Fall arrived with a bang including a washed-out Halloween; we had planned to walk around the neighborhood and enjoy the kitsch and kids trick-or treating, but found ourselves huddling into our dry abode instead.

Witches in Astoria!
Cannon Beach

One afternoon I walked to the St. John’s bridge during a break in the weather; there wasn’t a soul to be had in Cathedral Park – it was as if this moment was set aside especially for me. I was given the space to contemplate the passage of time and all I had endured up to this moment.  This time I felt an epic balance as the flaming maples protested the graying horizon and I felt at peace – it was a resolute peace. I took in the view of the cascading portal and the massive pylons that many times descended into the fog of the unknown.  This is a place I have immortalized on film – before photography was tsunamied by the digital era.  

Cathedral Park, St. Johns Bridge

Then came the grand idea of tattoos – I have wanted one for years and now was my chance.  Then Bob decided he wanted one too. 

I settled on Ganesh, with the Aum symbol in a Mandala. The image was poetically rendered on the back of my arm that will supposedly be less prone to wrinkles.  I have a fondness for elephants having logged over 160 miles on these lovely pachyderms through India and Nepal.  Ganesh symbolizes the removal of obstacles and I have carried him with me throughout my journeys.  For me, this move to France is a chance to reboot spiritually; I am no longer constrained by anyone else’s idea of what or who I should be.  There has already been a lot of unraveling from my cult conditioning and surrounding myself in a beautiful countryside and immersing myself in a rural culture that celebrates life as art will be – I hope – a transcending experience. 

Then the fall storms arrived with a bang, whipping the trees to and fro, scratching the surface with a desire to break in – it’s gotten pretty loud.  It reminds me of Wuthering Heights though I don’t know what restless spirit such as Cathy would want to be bothering with me.  I’ve been bothered enough already!  

And then the inevitable happened and the power went out; the place we are staying is all electric including the induction stove so we were pretty much stranded with our devices running out of battery.  Since the power wasn’t set to be back on four or five hours we decided to hit the local pub for some grub.  The cider flights turned out to be pretty big! 

The power eventually came back on and the weather cleared the next day so we headed to the coast with our friend Rolia.  We visited the Bronze Gallery in Cannon Beach not realizing that they had sold actual bronzes of Rolia in the past; asI mentioned earlier, she is a bit of local celebrity and is known as the “PDX Dancing Lady,”  – artists including myself have been enamored with her beauty.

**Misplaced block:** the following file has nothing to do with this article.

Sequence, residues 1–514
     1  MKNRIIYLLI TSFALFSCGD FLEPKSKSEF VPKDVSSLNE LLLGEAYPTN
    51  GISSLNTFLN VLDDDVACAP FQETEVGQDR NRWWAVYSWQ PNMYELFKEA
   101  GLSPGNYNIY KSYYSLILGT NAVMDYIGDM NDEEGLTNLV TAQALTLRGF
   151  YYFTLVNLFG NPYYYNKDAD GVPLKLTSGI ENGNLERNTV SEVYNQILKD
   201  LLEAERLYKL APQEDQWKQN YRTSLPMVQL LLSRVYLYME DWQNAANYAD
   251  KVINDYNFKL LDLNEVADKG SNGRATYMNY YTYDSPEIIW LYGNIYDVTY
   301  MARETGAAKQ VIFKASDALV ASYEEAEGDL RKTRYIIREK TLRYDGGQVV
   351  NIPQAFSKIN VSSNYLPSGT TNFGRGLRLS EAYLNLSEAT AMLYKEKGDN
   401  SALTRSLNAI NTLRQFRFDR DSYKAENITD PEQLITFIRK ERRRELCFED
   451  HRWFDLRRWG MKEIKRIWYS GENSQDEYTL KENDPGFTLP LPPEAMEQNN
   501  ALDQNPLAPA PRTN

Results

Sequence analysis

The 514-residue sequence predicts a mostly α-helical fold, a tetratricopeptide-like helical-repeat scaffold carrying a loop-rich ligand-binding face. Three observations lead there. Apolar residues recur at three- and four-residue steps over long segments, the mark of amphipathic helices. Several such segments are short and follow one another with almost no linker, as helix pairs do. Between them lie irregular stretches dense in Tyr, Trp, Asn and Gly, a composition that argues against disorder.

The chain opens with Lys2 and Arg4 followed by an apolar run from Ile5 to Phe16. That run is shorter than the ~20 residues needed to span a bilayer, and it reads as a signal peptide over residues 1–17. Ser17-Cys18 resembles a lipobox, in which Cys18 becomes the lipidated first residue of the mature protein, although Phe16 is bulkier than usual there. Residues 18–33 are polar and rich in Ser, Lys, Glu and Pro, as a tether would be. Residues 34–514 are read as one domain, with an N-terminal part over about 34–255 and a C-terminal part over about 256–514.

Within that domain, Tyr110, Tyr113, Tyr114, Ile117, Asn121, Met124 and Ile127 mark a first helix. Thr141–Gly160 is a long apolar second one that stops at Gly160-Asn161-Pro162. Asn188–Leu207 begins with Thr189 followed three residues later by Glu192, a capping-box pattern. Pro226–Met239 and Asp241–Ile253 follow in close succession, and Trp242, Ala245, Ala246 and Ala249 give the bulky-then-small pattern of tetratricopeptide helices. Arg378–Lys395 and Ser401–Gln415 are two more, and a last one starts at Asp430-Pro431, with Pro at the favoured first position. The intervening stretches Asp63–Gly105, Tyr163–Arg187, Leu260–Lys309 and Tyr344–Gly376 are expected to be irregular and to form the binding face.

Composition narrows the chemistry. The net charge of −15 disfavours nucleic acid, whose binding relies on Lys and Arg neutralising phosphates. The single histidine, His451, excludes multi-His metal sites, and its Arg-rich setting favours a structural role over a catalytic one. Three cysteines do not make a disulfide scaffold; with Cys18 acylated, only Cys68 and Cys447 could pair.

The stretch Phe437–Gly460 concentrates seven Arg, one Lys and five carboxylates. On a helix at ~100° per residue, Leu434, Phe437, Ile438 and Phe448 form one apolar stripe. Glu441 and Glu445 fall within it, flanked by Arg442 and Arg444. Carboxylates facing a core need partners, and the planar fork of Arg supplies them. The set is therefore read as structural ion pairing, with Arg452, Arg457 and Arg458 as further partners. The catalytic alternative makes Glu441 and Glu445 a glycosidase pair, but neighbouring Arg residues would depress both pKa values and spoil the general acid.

Sista Rolia!

I bought a couple of stunning pendants from Robert Rogers – they reminded me of Bill Worrell’s work and when I mentioned this to him he said he was a good friend of Bill’s up until he passed on.  Robert was apparently showing his pieces at the Worrell Gallery in Santa Fe but I somehow missed those – I’m grateful I made the connection here in Oregon.  Serendipity – what a small world!!  

Robert Rogers Bronze Pendant

We then chowed down on seafood and topped of the day with ice cream.  It turned out to be a fabulous day all around.  

As we headed into our final week, we explored local sites such as the Lan Su Chinese gardens that was inspired by the famous Chinese Gardens in Suzhou; we had visited China back in 2005 and this ancient wonder is a site to behold; canals run through the city and it’s been called the “Venice of China.”

We were otherwise filling days with long walks, visiting friends, dealing with French real estate agents, catching up on movies at an actual theater, getting haircuts and pedicures.  Oh, and surviving three power outages in St. John’s. 

We spent a fair amount of time looking at French real estate in the Dordogne. I soon realized that the French system is pretty different from the American one; there is no one aggregate system such as MLS like we have here in the states.  As a result you need to dig around different sites and engage realtors so you have a fighting chance to get what you want.  

Thus far I have four agents and seven properties scheduled for viewing once we arrive.  It is going to be quite the adventure finding a dream home and it will be like Christmas when all of our goods finally arrive at their final destination!  

After what seemed liked forever, the day of our departure finally arrived; we loaded our bags and bid a bittersweet farewell to Oregon as we drove across the Interstate Bridge into Washington one last time.

We will spend our final days in the U.S. in Seattle visiting my brother and sister-in-law before boarding our flight to Paris on November 15th.